People with mental health disabilities or addictions often face barriers to finding and keeping jobs. People with serious mental health disabilities tend to have very high rates of unemployment. The Senate of Canada report on mental health states that surveys have found that one-third to one-half of people with mental illness report being turned down for a job for which they were qualified after they disclosed their disability, were dismissed from their jobs, and/or were forced to resign as a result of their mental illness. People may experience harassment on the job from their co-workers and employers because of their disability.
People with mental health disabilities and addictions may face various barriers to employment, such as gaps in work history, limited employment experience, lack of confidence, workplace discrimination and inflexibility, and negative stereotypes. They may find that social assistance rules make it difficult to move to paid employment. Also, the rigid rules of existing income support/benefit programs may prevent people with mental health disabilities and addictions from getting supports in the workplace.
Many employers don’t know they have a legal duty to accommodate people with disabilities during job interviews and on the job. Employers may make assumptions about an employee’s ability to do the essential duties of the job based on their lack of knowledge about mental illness or addictions, or have a fear or mistrust of people with mental health issues or addictions.
Employers may not know how to ask about accommodation or how to accommodate someone who is clearly unwell and unable to voice their needs. Some employers may also need police record checks when hiring for vulnerable sector positions. If not done properly, this too could have a discriminatory impact because of mental health.
One of the goals of this consultation will be to collect information for the OHRC’s public interest research about employment. We want to look at the barriers to employment for people with mental health issues and addictions, and at discrimination that occurs on the job.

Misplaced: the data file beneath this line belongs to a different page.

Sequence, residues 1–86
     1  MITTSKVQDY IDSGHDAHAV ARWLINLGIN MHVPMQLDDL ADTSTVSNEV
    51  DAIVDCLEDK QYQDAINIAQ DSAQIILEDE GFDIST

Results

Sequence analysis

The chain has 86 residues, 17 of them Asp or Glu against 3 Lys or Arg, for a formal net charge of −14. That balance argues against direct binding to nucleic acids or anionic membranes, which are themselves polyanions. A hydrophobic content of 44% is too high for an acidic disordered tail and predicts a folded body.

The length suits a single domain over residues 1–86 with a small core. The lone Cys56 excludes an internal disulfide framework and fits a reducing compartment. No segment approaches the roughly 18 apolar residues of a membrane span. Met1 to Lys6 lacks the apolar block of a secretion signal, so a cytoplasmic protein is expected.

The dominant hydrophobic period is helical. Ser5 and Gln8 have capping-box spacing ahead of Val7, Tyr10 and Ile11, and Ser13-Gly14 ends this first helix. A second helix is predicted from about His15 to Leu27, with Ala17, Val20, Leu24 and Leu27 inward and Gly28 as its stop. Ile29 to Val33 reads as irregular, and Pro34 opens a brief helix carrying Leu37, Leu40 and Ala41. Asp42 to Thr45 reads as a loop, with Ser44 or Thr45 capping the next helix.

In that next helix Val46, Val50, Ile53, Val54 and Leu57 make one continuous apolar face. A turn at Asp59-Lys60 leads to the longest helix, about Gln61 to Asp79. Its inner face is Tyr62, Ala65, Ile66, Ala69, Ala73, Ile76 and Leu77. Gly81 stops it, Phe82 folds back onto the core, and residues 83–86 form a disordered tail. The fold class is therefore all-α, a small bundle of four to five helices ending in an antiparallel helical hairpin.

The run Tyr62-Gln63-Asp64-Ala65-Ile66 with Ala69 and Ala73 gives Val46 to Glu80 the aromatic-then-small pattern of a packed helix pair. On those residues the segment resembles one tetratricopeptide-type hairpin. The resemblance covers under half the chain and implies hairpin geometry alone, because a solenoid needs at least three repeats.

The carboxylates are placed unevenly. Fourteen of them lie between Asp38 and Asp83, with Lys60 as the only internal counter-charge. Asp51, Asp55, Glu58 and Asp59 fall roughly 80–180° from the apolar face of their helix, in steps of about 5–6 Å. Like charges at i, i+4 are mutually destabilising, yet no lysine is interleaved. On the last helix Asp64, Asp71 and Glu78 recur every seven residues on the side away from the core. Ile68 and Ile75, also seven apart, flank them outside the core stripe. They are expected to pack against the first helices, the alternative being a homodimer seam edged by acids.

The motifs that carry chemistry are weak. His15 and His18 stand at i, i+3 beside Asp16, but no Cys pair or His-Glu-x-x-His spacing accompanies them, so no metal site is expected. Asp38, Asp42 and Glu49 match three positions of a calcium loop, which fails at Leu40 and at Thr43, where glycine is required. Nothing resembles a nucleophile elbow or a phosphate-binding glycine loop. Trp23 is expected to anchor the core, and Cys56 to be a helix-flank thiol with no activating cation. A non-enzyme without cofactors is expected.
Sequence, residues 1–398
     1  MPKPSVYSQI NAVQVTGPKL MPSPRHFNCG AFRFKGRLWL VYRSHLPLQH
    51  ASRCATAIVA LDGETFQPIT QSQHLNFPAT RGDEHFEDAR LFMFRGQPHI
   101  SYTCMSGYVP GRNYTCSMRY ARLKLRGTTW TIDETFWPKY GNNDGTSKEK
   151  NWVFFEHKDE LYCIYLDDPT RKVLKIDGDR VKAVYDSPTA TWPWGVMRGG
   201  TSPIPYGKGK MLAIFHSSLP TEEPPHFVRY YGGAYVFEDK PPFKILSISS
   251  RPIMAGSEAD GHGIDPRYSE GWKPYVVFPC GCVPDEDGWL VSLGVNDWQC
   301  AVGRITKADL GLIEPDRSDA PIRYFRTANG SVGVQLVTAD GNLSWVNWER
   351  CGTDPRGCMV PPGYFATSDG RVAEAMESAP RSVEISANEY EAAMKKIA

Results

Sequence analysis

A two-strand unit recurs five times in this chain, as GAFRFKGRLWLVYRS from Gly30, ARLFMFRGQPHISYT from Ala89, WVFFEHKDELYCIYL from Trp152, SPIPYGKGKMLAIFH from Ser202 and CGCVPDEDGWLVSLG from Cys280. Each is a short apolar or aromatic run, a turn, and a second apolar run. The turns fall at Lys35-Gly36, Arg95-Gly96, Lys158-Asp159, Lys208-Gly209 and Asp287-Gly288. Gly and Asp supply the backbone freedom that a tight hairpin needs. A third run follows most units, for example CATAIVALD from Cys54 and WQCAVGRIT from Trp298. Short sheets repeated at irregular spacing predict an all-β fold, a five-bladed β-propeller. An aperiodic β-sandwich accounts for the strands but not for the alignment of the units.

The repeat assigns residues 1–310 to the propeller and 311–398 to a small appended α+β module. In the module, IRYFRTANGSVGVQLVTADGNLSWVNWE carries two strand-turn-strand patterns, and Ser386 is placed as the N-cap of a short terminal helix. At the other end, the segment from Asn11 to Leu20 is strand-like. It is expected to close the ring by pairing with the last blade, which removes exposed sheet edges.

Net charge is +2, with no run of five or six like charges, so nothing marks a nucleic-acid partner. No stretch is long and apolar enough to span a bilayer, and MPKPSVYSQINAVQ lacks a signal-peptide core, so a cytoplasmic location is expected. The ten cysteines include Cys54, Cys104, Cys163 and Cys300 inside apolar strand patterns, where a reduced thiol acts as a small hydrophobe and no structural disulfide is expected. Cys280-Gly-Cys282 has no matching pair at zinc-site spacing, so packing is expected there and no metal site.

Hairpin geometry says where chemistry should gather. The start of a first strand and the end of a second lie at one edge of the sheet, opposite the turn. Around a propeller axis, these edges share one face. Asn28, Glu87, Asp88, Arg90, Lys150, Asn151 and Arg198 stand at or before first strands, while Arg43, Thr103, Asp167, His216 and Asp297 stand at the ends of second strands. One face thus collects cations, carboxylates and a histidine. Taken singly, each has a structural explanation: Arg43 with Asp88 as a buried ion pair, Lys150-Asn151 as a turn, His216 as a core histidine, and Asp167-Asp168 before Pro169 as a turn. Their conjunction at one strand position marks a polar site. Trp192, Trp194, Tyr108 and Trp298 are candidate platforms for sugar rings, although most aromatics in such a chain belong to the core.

What are examples of discrimination that exist for people with mental health disabilities and addictions when seeking employment? What are examples of discrimination that exist on the job?
What information do employers need about how to meet their obligations under the Human Rights Code relating to hiring, evaluating, disciplining or terminating the employment and accommodating the needs of employees with mental health disabilities and/or addictions?
What steps can be taken to eliminate discrimination in the workplace? What are examples of best practices and good programs that help remove discriminatory barriers in employment?
Are there laws, rules, regulations or programs that create discriminatory barriers that prevent people with mental health disabilities and/or addictions from being fully able to seek or benefit from employment?
Discrimination Against People with Mental Illness and their Families: Changing Attitudes, Opening Minds, (A Report of the BC Minister of Health’s Advisory Council on Mental Health, April 2002), at 10, as cited in The Standing Senate Committee on Social Affairs, Science and Technology, Mental Health, Mental Illness and Addiction Interim Report, Mental Health, Mental Illness and Addiction: Overview of Policies and Programs in Canada, Report 1 (Ottawa: The Standing Senate Committee on Social Affairs, Science and Technology, 2004) at 50.
 Canadian Mental Health Association. Found at: www.cmha.ca/bins/content_page.asp?cid=3-109&lang=1 Accessed 05/08/2009. Kerzner critiques the Ontario government’s assisted devices program and the Workplace Safety and Insurance Act as having different eligibility and funding requirements for physical versus mental disabilities. In Kerzner, L. (2008). Legal Rights and Benefits for Consumer/Survivors. Honouring the Past, Shaping the Future: 25 Years of Progress in Mental Health Advocacy and Rights Protection. Ontario: Queen’s Printer for Ontario.